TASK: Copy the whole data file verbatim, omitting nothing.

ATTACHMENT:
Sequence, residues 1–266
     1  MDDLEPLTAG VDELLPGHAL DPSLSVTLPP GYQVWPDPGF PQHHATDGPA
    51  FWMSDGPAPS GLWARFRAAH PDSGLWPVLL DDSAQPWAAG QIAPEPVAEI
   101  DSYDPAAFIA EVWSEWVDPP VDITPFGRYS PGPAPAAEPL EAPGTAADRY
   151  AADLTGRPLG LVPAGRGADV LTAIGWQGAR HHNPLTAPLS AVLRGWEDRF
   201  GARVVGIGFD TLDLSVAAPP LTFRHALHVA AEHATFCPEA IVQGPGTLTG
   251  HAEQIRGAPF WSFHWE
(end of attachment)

Sequence, residues 1–266
     1  MDDLEPLTAG VDELLPGHAL DPSLSVTLPP GYQVWPDPGF PQHHATDGPA
    51  FWMSDGPAPS GLWARFRAAH PDSGLWPVLL DDSAQPWAAG QIAPEPVAEI
   101  DSYDPAAFIA EVWSEWVDPP VDITPFGRYS PGPAPAAEPL EAPGTAADRY
   151  AADLTGRPLG LVPAGRGADV LTAIGWQGAR HHNPLTAPLS AVLRGWEDRF
   201  GARVVGIGFD TLDLSVAAPP LTFRHALHVA AEHATFCPEA IVQGPGTLTG
   251  HAEQIRGAPF WSFHWE